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San Diego community and youth leaders sound off on mayor’s proposed budget over increased police funding

Before several public hearings on the city of San Diego's budget, community leaders blasted the proposed budget's $19 million increase in police funding.

SAN DIEGO — As the City of San Diego's budget review committee had an independent analyst go through next year's proposed budget, a group of local and community youth leaders met downtown outside city hall to call upon Mayor Todd Gloria to change some aspects of the budget, such as diverting funds from the police into other community programs.

“This budget is not enough. Do not give us crumbs and then insult us by calling it justice,” Chris Sotomayor of Environmental Justice said.

Calling out San Diego Mayor Todd Gloria's proposed budget for 2022, two dozen youth and community leaders part of the Community Budget Alliance rallied downtown with posters demanding the budget reflects the needs of all San Diegans.

"We don't have enough money for more parks, but there is enough money to police the parks,” Sotomayor said.

The group's largest budget complaint was that it proposed to give a $19 million increase in police funding.

"One thing that hasn't been increased, is the funding in the communities that are most impacted by police violence,” said Malcolme Morgan of Pillars of the Community.

Keara Piña, researcher with the Center on Policy Initiatives, said the city has the money, it just needs to make a bold community investment.

"Mayor Gloria's budget is disappointing, and it seems to represent a desire to remain politically neutral rather than serve community needs. Even with the new leadership, the police budget continues to grow, now, reaching an increase of over $205 million for over the past 10 years,” Piña said.

The Community Budget Alliance said San Diego's budget should better address homelessness and those impacted by racial injustice.

"Our children and youth deserve to be prioritized and not by one time programming but in the long run,” Warsan Artan of Democratizing Power said.

Nicole Johnson of San Diego Tenants Union said rent control is vital with increasing costs in an already expensive city.

"It is hard to house your family when we cannot get any assistance with rent control, and the prices are skyrocketing,” Johnson said.

Some in the group characterized the proposed budget as empty promises.

“We've seen this kind of budget before, we've seen it last year, and the year before that, and the year before that. The mayor can do better than this, and our community deserves better,” Jean-Huy Tran of Center on Policy Initiatives said.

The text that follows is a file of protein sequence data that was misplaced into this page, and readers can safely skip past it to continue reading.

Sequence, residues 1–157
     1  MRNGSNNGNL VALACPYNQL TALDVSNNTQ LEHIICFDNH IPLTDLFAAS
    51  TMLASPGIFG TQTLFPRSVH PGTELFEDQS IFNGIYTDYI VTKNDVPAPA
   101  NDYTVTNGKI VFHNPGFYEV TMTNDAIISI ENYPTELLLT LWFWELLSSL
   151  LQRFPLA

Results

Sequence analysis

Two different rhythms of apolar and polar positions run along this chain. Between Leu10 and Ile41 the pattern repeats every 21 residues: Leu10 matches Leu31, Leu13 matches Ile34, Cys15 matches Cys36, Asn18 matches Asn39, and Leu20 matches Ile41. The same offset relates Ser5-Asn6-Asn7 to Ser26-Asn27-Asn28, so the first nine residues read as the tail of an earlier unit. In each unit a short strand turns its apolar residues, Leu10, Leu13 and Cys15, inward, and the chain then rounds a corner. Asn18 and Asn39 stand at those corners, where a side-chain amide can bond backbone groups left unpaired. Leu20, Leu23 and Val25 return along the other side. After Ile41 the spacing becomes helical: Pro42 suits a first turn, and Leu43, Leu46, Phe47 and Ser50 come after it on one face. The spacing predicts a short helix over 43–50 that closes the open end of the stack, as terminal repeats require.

Natasha Salgado, a community organizer for the Logan Heights Community Development Corporation said it was disappointing for the mayor to not include cash aid for undocumented workers and approach this economic package as a one-size-fits all solution.

In a statement from Mayor Todd Gloria's office, it reads:

“I have heard the calls for changes to police practices in our city, which is why I proposed a series of reforms that we are undertaking right now. Funding the police department aligns with the notion that police practices must evolve, and still allows us to invest in our communities. With violence increasing in San Diego, I have proposed a sensible budget that will make our city safer."

Two high school sophomores at Gompers Preparatory Academy had with posters that said: "Prioritize Our Survival" and "Demand Environmental Justice.”

Esther David said she is taking AP classes, but there are other AP courses she would like to take, but her school doesn’t offer them due to lack of funding.

“Growing up in the south east, you don't really see nice parks, you just see things of dirt, and there is nothing. How do they expect our youth to go out and do something better with themselves when they don't offer that?” student Jackquelin Maqueda said.

The city has public hearings scheduled to go on each weekday until Tuesday, May 11th.

WATCH: Mayor Gloria explains 'Back to Work SD' budget

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